Finding saddle location with the Saddlematic
Saddlematic Bridge Saddle Locator
Locating the saddle slot on steel-string acoustic guitars
The distance from the nut to the saddle is approximately twice the distance from the nut to the 12th fret. Installing the saddle at precisely that point is incorrect, though, and will give you poor intonation. You must add a little more string length for the guitar to play in tune. This added string length is called compensation.
For compensation, a guitar's bass strings need more length than the treble strings. This difference between bass and treble compensation is why steel-string guitar saddles are installed at an angle.
The two pointers on the Saddlematic record the bass/treble compensation, and mark the proper location and angle of the saddle slot. To set the correct intonation, you must be very accurate in adjusting and locking the position of these pointers.
For a 3/32"-thick saddle, the pointer for the treble strings should be set to measure exactly 1/16" (.062") from the body of the tool. The bass pointer should be set for 5/32" (.156"). With these settings, the pointers will indicate the location and angle for the front edge of the saddle slot, not the center of the slot. Marking the front edge means that you won't be removing the reference line when routing the slot.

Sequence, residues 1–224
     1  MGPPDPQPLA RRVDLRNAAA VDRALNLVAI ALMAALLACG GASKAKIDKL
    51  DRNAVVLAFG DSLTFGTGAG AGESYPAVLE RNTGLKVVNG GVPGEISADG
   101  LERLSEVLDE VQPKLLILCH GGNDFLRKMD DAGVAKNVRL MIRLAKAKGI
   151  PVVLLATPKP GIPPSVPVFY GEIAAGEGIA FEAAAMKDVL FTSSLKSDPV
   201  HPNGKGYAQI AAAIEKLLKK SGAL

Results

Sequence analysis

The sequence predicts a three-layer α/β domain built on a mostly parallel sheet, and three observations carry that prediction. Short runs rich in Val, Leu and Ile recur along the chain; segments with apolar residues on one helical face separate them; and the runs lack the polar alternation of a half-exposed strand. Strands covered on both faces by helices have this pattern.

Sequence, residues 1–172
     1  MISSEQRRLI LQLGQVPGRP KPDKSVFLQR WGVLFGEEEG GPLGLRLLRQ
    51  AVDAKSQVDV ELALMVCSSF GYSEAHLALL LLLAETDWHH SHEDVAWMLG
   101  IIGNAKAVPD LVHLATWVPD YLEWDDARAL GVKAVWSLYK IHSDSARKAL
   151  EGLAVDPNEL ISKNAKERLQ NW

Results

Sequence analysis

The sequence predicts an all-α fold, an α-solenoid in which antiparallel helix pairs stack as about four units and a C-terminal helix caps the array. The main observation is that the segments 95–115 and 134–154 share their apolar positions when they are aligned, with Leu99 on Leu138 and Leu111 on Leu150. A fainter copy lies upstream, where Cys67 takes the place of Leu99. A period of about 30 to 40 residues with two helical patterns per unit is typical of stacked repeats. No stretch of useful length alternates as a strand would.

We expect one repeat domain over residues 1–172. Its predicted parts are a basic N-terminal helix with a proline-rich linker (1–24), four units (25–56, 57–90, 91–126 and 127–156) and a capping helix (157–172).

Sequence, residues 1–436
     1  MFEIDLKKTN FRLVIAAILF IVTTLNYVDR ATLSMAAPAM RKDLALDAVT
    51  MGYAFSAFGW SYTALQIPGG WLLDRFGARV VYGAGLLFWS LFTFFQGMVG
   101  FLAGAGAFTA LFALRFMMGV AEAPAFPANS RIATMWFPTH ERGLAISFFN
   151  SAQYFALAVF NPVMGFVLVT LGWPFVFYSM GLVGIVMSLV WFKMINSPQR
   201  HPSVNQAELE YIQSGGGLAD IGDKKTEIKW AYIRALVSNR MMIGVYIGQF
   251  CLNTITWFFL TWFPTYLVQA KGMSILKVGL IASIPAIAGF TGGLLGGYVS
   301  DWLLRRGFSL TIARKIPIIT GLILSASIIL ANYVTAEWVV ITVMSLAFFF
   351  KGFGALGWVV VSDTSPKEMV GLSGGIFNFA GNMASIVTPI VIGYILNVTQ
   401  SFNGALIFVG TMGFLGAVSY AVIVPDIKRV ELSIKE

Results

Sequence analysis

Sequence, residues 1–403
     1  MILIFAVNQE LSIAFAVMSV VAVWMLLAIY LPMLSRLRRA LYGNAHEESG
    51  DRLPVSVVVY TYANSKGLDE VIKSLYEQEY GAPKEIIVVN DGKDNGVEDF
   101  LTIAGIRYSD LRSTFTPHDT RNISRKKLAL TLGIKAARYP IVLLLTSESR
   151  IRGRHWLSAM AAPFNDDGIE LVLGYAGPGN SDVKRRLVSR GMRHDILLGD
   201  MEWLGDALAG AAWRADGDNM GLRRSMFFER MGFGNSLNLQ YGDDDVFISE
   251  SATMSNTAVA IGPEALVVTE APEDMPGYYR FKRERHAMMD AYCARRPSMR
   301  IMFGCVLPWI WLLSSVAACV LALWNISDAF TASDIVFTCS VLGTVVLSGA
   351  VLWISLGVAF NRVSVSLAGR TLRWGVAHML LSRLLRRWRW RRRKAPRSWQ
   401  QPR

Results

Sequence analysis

Be precise: after tightening the set screws holding the pointers, double-check your measurements.
These measurements provide compensation appropriate for both short-scale and long-scale steel-string guitars (24-3/4" to 25-1/2" scale lengths). In theory, there's a difference between settings for short and long scales, but the difference is so tiny that it's impractical to adjust to such tolerances (the short-scale settings would be .060" for treble and .150" for the bass side).
If your saddle width is not 3/32", adjust the pins to take this into account. Example: A 1/8" saddle is 2/64" wider, so set the pins to place the front of the saddle 1/64" closer to the nut. (The back will be 1/64" closer to the bridge pins.) This keeps the center of the saddle in the same position for good intonation.
Tip: Place masking tape along the front edge line, and then locate a second piece of tape at the back edge of the slot to be routed. It's easy to follow your routing progress with the tape marking the front and back edges of the saddle slot.